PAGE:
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A power team of employee activism

By |2012-04-26T09:00:00-04:00April 26th, 2012|News|

DETROIT –
When one of the founders of Ford Globe met one of the founders of Chrysler’s People of Diversity at an employee resource event in 1998, the wheels started turning on a relationship based on mutual love for each other and for activism.
Suzanne Wait, an engineer in Powertrain Controls for Ford, and Michelle Walters, who was a manager in Chrysler’s Procurement and Supply department before retiring in 2008, make a great team.
The Royal Oak couple recently won the Jan Stevenson Award for Service at the Affirmations Spring Bash for their years of service not only at their jobs, but through the community center as well.
The most obvious thing Wait and Walters have in common is their passion for workplace equality. In 1994 Wait was among the first to attend organizational meetings for Ford Globe, the employee LGBT affinity group.
“Workplace issues have always been important to me. People need to be able to be their true selves at work,” Wait said. She stayed with Ford Globe all these years, often serving on the board for years at a time.
Meanwhile over at Chrysler in 1996, Walters had just come out of the closet and was working hard to co-found People of Diversity (POD). Thanks to efforts by Walters and the other employees who were bold enough to stand up first and create change, Chrysler included sexual orientation in their non-discrimination policies in 1997, and after that grew to offer partner benefits and include transgender individuals in their protective practices.
In 1998 each of the women in this romantic tale were already on top of their respective worlds. The multi-national auto manufacturing corporations were changing because of them. In a society that largely discriminated against gays and lesbians, each had a job where they could feel secure both economically and personally. And each was out of the closet and confident in themselves. And then those two strong worlds combined.
“We were dealing with the same issues,” Wait said. “Not just in fighting for domestic partner benefits, but just being part of the corporate world. There are a lot of commonalities between the environments. That’s why Dilbert is so popular. Lots of people can relate.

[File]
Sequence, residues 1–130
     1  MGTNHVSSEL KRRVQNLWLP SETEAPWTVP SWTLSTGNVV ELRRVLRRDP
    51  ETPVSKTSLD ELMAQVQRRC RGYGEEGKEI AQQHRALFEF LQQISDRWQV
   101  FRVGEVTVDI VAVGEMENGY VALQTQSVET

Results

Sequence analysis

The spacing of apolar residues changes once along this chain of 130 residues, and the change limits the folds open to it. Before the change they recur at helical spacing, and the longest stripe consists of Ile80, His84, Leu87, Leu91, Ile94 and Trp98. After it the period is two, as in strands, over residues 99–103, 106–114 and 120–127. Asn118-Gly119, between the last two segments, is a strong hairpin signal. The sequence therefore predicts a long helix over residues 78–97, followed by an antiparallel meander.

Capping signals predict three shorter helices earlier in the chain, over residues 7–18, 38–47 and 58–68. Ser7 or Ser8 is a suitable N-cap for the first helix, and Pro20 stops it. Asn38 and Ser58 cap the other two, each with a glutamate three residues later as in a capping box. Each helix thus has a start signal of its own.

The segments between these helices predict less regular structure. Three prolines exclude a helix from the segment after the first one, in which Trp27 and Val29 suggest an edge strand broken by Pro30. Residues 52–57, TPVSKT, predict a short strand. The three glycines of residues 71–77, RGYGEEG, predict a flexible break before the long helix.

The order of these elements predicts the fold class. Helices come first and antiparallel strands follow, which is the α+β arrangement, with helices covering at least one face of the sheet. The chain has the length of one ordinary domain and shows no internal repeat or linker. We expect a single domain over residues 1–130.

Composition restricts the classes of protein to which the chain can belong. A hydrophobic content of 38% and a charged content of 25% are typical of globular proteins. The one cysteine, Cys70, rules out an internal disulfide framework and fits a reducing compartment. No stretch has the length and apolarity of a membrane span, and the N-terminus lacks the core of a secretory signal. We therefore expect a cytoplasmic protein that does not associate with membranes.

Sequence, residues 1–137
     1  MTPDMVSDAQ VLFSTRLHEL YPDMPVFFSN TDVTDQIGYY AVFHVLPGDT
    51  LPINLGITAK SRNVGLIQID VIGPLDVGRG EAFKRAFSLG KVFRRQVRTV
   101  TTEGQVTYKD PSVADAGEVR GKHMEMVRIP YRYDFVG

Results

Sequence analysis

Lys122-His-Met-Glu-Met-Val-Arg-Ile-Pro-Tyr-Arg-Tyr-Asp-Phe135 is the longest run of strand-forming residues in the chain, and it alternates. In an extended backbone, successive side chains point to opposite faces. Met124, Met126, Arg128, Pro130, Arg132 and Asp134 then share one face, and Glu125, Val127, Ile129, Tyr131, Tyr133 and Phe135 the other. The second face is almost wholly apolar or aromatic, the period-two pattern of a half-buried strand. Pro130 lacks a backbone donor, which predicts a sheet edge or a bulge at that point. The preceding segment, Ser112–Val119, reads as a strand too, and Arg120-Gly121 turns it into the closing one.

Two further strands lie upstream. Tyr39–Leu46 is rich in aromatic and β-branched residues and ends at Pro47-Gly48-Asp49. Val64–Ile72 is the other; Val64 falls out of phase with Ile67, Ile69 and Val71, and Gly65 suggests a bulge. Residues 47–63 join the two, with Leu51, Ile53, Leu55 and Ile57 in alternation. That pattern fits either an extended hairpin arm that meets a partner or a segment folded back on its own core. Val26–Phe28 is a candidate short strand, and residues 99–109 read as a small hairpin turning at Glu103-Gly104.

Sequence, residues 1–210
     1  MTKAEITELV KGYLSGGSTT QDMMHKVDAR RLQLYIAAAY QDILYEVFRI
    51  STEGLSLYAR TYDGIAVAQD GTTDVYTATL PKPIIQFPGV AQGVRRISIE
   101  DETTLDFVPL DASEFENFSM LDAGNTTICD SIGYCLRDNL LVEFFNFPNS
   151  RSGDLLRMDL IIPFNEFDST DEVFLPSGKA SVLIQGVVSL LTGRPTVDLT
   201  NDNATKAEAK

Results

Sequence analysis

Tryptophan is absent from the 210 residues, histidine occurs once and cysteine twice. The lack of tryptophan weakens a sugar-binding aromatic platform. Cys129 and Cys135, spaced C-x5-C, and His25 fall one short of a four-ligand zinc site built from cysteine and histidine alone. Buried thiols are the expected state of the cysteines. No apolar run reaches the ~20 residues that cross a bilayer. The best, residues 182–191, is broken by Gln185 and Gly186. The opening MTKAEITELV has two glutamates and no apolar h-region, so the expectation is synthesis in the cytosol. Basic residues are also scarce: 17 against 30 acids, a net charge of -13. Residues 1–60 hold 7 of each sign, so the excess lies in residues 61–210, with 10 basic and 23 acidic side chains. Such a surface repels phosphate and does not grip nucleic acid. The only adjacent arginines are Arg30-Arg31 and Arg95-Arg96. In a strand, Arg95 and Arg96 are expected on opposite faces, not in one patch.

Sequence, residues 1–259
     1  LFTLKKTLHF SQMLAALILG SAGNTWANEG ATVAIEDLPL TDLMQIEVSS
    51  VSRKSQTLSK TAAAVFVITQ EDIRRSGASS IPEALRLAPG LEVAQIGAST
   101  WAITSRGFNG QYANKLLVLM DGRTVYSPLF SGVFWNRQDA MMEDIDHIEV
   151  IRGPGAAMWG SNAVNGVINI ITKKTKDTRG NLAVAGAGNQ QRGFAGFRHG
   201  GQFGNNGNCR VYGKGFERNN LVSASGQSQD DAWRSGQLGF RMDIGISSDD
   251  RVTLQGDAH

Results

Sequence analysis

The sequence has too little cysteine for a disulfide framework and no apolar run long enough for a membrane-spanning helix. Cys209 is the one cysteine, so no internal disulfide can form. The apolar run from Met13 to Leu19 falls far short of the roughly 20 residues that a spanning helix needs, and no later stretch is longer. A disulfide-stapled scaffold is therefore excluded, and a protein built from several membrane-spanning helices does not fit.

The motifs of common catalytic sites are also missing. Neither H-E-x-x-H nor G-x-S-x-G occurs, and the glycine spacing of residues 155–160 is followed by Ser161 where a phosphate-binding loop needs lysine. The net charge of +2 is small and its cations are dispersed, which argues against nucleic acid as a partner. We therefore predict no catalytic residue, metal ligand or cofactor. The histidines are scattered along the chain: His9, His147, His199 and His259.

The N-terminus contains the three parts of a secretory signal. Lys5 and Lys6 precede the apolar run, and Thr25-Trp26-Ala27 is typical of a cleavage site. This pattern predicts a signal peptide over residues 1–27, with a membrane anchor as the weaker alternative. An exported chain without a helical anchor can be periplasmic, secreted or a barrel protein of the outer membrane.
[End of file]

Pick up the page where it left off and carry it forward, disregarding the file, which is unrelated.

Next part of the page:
“I liked Michelle’s intelligence and quick wit, and that she seemed to enjoy life very much,” said Wait.
Wait and Walters continued to remain active in their work communities, the broader LGBT community, and the larger community of southeast Michigan. Walter spent six years serving on the board of her neighborhood association in Rosedale Park. Wait served on the Women’s Committee for Hope Fund, helping to send impoverished refugees to universities.
Affirmations community center is one of the causes near and dear to their hearts. They recently served on the “Women’s Group,” a female-centered fundraising committee that was part of the Campaign for the Future. Walters is also preparing to end her run on the Multicultural Advisory Committee, which since 2008, has been exploring ways of increasing diversity at Affirmations. The committee will be coming to an end, but she may be involved in presenting reports and recommendations for moving forward.
When asked why they are so engaged Walters said, “I like to work with smart people and do smart things for the community. Not just the LGBT community, but broadly.”
“The only way to make things better is to get in involved. A few people can make a difference. We can have an effect. I’ve seen it,” said Wait.
The women said they’ve had great role models over the years, including Howard Israel. “I’d heard of him for years and we finally met at a Lambda Legal fundraiser,” Wait said. “He encouraged us to reach out to other communities and his passion is beyond compare.”
They are also inspired by the changes they’ve seen at Affirmations. “When they opened the doors to the new building, that was a proud day,” Wait said. “Knowing that we helped fundraise to make that happen, and knowing all the people who would be helped by it.” Walters said she’s excited about the increased usage and being able to see the way programs have changed people’s lives.
As far as Wait and Walters go, there’s no way to know what the future holds, though with love they continue to enjoy it together. “I love that Suzanne is smart and witty and generous and kind,” gushed Walters. “Without her I never would have watched ‘West Wing’ which was the best TV show ever.” She said that as the MAC winds down she’s sure something else will pop up to fill that time slot, but she’ll take her time to decide.
“I’ve never have a plan,” Wait said. “I just look around and see what needs doing…. Once you’ve won the Jan Stevenson award, what more is there to achieve?”
The Jan Stevenson Award is named after Affirmations first executive director. Stevenson is now co-publisher of Between The Lines.

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